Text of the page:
Taiwan unveiled its inaugural domestically constructed submarine on September 28, a significant move in bolstering its military deterrence, according to President Tsai Ing-wen. Tsai emphasized the importance of self-reliance in national defense and expressed determination to pursue this path despite the associated risks and challenges, DW reports.
The newly built submarine will undergo sea trials and is expected to be operational in approximately two years. Taiwan's current naval fleet comprises two Dutch submarines dating back to the 1980s, and the country had previously announced plans to construct a total of eight submarines.
Huang Shu-Kuang, who leads Taiwan's Indigenous Defense Submarine program, believes that a fleet of ten submarines would complicate China's naval expansion in the contested region. The Institute for National Defense and Security Research in Taiwan suggests that deploying submarines at key strategic points could disrupt China's attempts to encircle and threaten Taiwan from multiple directions.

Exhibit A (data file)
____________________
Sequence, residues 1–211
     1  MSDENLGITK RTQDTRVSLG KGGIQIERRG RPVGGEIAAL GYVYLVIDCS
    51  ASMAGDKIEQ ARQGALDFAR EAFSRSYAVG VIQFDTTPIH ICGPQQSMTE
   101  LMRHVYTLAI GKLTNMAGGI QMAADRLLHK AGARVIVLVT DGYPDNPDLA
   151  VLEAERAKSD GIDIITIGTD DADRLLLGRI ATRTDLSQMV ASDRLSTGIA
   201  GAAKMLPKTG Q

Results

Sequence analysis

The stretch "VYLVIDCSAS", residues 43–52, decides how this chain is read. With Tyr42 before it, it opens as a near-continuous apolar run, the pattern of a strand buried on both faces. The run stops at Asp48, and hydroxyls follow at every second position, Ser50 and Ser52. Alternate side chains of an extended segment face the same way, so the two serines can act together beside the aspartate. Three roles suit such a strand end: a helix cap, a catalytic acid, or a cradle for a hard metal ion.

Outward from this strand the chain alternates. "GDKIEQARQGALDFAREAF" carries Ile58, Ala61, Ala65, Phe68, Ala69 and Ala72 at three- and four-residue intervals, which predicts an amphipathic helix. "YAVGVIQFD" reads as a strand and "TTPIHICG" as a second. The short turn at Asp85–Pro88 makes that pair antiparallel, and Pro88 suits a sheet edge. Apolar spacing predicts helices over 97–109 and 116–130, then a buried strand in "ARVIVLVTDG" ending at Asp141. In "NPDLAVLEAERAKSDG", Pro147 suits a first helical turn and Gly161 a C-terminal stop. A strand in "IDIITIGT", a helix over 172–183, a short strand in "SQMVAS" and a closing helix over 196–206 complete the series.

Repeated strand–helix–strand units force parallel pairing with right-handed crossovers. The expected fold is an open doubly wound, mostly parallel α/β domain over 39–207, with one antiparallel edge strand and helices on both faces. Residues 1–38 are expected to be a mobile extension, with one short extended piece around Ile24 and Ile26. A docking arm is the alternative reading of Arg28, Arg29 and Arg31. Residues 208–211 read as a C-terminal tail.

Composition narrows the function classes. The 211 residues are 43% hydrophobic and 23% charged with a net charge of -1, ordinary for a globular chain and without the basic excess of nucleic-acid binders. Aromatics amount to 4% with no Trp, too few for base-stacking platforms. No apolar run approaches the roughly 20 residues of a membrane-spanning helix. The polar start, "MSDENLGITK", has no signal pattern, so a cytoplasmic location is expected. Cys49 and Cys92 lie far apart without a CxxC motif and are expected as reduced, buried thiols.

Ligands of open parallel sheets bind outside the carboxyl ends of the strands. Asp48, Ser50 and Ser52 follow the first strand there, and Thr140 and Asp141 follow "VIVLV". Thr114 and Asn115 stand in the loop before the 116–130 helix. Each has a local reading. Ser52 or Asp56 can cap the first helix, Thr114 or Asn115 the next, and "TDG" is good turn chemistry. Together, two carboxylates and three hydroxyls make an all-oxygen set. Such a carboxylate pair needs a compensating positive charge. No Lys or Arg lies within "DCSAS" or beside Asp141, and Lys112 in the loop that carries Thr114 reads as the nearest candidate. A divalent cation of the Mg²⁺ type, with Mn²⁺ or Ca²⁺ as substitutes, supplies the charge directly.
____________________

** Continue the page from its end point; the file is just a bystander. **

However, China's defense ministry downplayed Taiwan's efforts, stating that Taiwan was overestimating its capabilities and attempting the impossible. China views Taiwan as part of its territory and has repeatedly asserted its willingness to employ force to establish control over the island.
Taiwan's Foreign Minister, Joseph Wu, argued that Taiwan needed to enhance its defenses in response to a growing military threat from China. He emphasized the strategic importance of acquiring submarines as a deterrent to potential conflicts.
China boasts one of the world's largest navies, featuring nuclear-powered submarines and aircraft carriers.